The record is clear from the Old Testament to the Gospels, from the very beginnings of the early church to the epistles of the apostles: Biblical faith isn’t wishing; it’s confidence. It’s not denying reality, but discovering reality. It’s a sense of certainty grounded in evidence that Christianity is true—not just “true for me,” but actually, fully, and completely true.
I don’t like the word “faith.”
It’s not that faith isn’t valuable. True biblical faith is essential for salvation. But faith is often deeply misunderstood in a way that hurts Christianity and harms Christians.
Some think that having a level of certainty about the truth of Christianity makes “belief” unnecessary or irrelevant. That kind of knowledge undermines genuine faith and offends God.
The reasoning goes something like this. We all know God wants us to have faith. In fact, without faith, it’s impossible to please him (Hebrews 11:6). However, gathering evidence for God and Christianity leaves little room for faith. After all, how can one have faith in something he knows is true? Faith, then, is opposed to knowledge. Therefore, apologetics undermines the faith project and thus displeases the Lord.
On this view, faith is believing the unbelievable, clinging to your convictions when all the evidence is against you. Faith is a “leap,” a blind, desperate lunge in the darkness. When doubts or troubles beset us, we’re told to “just have faith,” as if we could squeeze out spiritual hope by intense acts of sheer will.
This view of faith reduces Christian conviction to religious wishful thinking. We can hope, but we can never know.
But this will never work. Someone once said, “The heart cannot believe that which the mind rejects.” If you are not confident the message of Scripture is actually true, you can’t believe it even if you tried.
The “I just take Christianity on (blind) faith” attitude can’t be the right approach. It leaves the Bible without defense, yet Peter directs us to make a defense for the hope that is in us.
Also, the biblical word for faith, pistis, doesn’t mean wishing. It means active trust. And trust cannot be conjured up or manufactured. It must be earned. You can’t exercise the kind of faith the Bible has in mind unless you’re reasonably sure that some particular things are true.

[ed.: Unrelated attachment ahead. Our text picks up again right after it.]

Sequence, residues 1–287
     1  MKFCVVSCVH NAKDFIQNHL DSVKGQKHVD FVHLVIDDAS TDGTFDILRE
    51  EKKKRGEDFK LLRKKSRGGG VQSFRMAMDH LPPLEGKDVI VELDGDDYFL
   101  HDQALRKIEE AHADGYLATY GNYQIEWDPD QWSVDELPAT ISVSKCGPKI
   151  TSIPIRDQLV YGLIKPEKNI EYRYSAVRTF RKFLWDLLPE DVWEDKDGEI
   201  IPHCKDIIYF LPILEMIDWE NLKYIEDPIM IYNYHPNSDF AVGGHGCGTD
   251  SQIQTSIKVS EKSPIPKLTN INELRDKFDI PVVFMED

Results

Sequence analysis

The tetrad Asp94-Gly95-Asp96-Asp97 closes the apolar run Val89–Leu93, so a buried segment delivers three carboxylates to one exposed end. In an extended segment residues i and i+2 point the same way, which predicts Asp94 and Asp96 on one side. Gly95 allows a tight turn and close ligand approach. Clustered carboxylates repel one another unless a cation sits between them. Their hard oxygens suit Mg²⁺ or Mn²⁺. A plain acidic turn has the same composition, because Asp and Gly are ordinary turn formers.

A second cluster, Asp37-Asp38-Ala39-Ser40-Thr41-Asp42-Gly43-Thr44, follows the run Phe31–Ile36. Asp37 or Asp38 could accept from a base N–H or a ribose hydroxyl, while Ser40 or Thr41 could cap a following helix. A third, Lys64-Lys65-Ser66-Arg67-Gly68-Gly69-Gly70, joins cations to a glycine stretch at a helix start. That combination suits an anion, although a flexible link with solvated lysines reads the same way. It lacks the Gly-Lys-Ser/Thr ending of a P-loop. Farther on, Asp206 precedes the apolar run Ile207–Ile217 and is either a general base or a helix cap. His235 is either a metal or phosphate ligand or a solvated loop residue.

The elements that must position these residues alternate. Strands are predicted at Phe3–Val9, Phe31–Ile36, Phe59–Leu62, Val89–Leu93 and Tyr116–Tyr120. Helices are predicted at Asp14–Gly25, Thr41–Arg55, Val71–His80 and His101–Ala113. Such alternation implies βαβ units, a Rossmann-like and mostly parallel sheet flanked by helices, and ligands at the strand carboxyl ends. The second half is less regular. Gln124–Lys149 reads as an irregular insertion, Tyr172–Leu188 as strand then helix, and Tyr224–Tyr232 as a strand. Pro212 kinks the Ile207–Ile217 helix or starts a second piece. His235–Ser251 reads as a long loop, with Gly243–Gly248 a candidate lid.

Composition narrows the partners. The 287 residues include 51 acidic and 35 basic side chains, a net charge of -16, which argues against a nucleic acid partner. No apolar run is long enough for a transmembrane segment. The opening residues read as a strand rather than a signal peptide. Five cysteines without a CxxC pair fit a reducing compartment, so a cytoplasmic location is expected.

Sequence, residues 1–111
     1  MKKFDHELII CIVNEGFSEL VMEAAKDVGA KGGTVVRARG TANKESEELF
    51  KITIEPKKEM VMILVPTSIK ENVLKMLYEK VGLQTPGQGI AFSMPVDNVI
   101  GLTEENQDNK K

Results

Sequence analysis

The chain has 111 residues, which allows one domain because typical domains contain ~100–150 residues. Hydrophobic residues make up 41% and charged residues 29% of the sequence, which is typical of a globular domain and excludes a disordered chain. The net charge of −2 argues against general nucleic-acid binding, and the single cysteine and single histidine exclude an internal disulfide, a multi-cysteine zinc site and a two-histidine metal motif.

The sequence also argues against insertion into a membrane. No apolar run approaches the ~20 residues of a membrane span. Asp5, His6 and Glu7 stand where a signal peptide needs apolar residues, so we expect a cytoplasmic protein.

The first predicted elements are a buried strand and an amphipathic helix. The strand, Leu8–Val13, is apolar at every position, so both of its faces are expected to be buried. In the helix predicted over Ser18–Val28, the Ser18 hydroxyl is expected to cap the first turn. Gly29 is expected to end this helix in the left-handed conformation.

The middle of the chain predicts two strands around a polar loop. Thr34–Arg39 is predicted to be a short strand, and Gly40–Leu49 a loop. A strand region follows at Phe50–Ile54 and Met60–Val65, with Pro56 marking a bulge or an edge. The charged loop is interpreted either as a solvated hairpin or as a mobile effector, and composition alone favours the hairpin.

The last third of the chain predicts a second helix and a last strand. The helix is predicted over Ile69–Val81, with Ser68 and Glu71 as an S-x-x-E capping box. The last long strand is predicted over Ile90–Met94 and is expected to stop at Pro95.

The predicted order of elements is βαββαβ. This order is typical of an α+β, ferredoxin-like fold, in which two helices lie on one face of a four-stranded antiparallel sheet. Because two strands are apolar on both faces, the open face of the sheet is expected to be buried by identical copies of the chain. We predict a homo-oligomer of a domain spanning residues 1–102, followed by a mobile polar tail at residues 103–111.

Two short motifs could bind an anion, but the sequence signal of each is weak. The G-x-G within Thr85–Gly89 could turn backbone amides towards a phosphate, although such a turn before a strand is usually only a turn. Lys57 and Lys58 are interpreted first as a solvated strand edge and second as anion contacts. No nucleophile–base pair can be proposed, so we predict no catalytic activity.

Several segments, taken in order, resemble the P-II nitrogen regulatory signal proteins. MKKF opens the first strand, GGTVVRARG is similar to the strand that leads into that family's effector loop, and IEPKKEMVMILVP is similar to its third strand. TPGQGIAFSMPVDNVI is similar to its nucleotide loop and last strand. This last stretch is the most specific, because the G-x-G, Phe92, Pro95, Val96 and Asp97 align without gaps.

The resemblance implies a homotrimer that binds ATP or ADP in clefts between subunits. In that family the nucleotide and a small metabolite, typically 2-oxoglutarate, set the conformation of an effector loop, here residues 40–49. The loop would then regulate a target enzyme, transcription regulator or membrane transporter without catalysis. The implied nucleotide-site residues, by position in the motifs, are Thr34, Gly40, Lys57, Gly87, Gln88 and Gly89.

In fact, I suggest you completely ban the phrase “leap of faith” from your vocabulary. Biblical faith is based on knowledge, not wishing or blind leaps. Knowledge builds confidence, and confidence leads to trust. The kind of faith God is interested in is not wishing. It’s trust based on knowing, a sure confidence grounded in evidence.
The following biblical examples make my point.
Blood, Boils, Frogs, and Flies
Israel’s exodus from Egypt was depicted in a clever animated film called The Prince of Egypt. After seeing the movie, my wife and I spent time reading the original account in the Hebrew Scriptures.
Though I’d read this passage a number of times, something jumped out at me then that I hadn’t seen before, a phrase God kept repeating over and over in the account.
The material relevant to my point starts in Exodus 3. Reading the encounter with God at the burning bush, we realize Moses is reluctant to be God’s deliverer. And it’s understandable. Why would Pharaoh, the most powerful leader in the world, submit to a renegade Jew? Why would two million Hebrew slaves follow a murderer and a defector?
“What if they won’t believe me or listen to me?” Moses demurred. “What if they say, ‘The Lord hasn’t appeared to you’?”
What God didn’t say in response is as important as what he did say. He didn’t say, “Tell Pharaoh he’s just going to have to take this on blind faith. Tell the Hebrews the same thing. They’ve got to have faith.”
Instead, God asked, “What’s that in your hand?”
“A staff,” Moses answered.
“Throw it on the ground.”
So he threw it down, and it became a serpent.
“Stretch out your hand,” the Lord said. “Grab it by the tail.”
Reluctantly, Moses did as he was told. When he grabbed the snake, it became a staff again.
“Do this,” God said, “and then they’ll believe that the Lord, the God of their fathers, has appeared to you.”
More signs followed that got the people’s attention: the river of blood; frogs covering the land; the gnats, flies, and locusts; the boils and pestilence; the hail; the darkness; and finally, the angel of death. All for one purpose: “That they might know there is a God in Israel.” Not simply “believe,” “hope,” or “wish.” Know. This is no idle comment, but a message that is central to the account. In fact, the phrase is repeated no less than ten times throughout the account.
What was the result? “And when Israel saw the great power which the Lord had used against the Egyptians, the people feared the Lord, and they believed in the Lord and in His servant Moses” (Exodus 14:31).
Note the pattern: a powerful evidence (miracles, in this case), giving the people knowledge of God, in whom they then placed their active trust (faith).